On-line version ISSN 0378-4738
Water SA vol.34 n.3 Pretoria Mar. 2008
DM Knoesen; JC Smithers
School of Bioresources Engineering and Environmental Hydrology, University of KwaZulu-Natal, P/Bag X01, Scottsville, South Africa
The temporal distribution of rainfall, viz. the distribution of rainfall intensity during a storm, is an important factor affecting the timing and magnitude of peak flow from a catchment and hence the flood-generating potential of rainfall events. Rainfall intensity is also one of the primary inputs into hydrological models used for the design of hydraulic structures. In the absence of continuously recorded rainfall data, one method of estimating the temporal distribution of rainfall is to disaggregate coarser-scale data into a finer resolution, e.g. from daily data into hourly rainfall information. In this study, a daily to hourly disaggregation model developed in Australia, and modified for application in South Africa, is used. However, this model requires input obtained from short-duration data at the desired location. Owing to the paucity of short-duration data in South Africa, the methodology is regionalised to enable the application of the model at a national scale, particularly at locations where only daily data are available. The regionalised model was independently tested at 15 locations in differing climatic regions in South Africa. At each location, observed hourly data were aggregated to yield daily values and were then disaggregated using the methodology. Results show that the regionalised model is capable of replicating the results obtained when 'at-site' short duration rainfall data are used as input to the disaggregation model, and is able to retain the daily totals and the statistical characteristics of the hourly rainfall.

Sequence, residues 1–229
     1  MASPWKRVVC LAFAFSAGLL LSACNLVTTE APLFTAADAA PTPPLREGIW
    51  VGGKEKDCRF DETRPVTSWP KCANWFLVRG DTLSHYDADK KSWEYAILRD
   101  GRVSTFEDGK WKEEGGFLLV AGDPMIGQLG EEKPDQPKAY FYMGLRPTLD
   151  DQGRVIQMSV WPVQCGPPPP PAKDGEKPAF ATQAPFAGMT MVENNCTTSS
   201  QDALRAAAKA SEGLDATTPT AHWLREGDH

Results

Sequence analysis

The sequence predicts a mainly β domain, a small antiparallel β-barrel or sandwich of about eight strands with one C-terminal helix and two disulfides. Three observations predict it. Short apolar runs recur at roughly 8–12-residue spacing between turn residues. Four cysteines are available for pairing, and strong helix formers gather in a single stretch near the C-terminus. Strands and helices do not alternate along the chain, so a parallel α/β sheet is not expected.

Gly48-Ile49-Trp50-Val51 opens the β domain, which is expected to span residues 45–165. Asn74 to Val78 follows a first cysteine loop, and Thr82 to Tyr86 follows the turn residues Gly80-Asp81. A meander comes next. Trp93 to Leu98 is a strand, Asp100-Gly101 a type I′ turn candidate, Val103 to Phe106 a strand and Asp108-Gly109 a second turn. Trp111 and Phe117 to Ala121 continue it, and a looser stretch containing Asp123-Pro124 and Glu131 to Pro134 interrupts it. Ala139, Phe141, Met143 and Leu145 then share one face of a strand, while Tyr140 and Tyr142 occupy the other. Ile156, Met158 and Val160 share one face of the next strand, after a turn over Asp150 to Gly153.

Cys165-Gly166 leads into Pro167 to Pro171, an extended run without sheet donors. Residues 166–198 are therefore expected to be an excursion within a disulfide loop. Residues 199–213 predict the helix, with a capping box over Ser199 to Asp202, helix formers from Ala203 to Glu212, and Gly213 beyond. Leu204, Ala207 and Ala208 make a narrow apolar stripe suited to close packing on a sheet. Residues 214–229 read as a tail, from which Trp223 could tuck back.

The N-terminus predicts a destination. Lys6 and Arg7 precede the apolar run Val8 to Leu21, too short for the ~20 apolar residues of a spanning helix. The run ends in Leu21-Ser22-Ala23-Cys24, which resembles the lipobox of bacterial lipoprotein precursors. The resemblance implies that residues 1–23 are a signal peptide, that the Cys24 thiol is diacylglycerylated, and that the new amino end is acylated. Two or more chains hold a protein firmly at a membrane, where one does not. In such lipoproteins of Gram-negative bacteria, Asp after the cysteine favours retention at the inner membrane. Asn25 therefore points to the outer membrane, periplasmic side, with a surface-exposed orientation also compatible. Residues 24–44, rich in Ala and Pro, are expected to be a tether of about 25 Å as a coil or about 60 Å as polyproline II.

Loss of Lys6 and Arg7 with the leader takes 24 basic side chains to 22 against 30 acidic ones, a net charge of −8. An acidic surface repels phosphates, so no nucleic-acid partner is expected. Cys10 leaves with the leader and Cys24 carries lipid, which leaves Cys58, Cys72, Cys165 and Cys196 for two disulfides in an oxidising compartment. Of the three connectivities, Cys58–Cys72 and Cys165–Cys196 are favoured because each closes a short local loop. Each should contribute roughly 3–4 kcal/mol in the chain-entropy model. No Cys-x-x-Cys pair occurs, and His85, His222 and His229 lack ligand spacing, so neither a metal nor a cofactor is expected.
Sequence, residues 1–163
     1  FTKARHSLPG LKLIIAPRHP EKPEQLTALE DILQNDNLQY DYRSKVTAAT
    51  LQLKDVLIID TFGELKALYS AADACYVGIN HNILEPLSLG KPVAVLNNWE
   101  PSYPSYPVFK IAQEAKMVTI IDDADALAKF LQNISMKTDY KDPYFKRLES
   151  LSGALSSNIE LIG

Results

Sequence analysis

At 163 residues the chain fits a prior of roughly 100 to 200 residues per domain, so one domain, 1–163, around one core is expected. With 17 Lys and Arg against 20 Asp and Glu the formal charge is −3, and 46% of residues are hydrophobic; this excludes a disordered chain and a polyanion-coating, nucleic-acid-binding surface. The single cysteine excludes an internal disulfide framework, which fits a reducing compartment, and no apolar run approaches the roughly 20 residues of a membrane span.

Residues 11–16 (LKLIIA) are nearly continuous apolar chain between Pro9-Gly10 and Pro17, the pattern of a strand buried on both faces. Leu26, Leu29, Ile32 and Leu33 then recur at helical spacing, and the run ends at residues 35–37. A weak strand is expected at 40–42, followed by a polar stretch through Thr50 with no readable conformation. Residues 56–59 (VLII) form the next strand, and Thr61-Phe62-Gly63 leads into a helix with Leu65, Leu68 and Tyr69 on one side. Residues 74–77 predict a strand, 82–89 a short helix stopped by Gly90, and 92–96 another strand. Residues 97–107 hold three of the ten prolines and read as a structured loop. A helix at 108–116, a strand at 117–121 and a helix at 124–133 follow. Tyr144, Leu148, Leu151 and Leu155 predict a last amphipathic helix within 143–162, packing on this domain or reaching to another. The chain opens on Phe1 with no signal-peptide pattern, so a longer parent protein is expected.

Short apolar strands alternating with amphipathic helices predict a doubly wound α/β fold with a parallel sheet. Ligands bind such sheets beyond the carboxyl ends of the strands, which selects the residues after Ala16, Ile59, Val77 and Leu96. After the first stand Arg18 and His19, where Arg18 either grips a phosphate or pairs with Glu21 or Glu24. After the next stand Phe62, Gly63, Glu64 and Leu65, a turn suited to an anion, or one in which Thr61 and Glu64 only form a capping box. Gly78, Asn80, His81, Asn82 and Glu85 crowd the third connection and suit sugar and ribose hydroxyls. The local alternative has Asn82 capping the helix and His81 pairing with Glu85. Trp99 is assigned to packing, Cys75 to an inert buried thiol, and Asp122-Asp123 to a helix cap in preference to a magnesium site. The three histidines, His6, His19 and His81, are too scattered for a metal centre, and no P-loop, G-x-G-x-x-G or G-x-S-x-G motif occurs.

Keywords: temporal rainfall disaggregation, regionalisation, South Africa
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Received 16 October 2007;
Accepted in revised form 28 May 2008.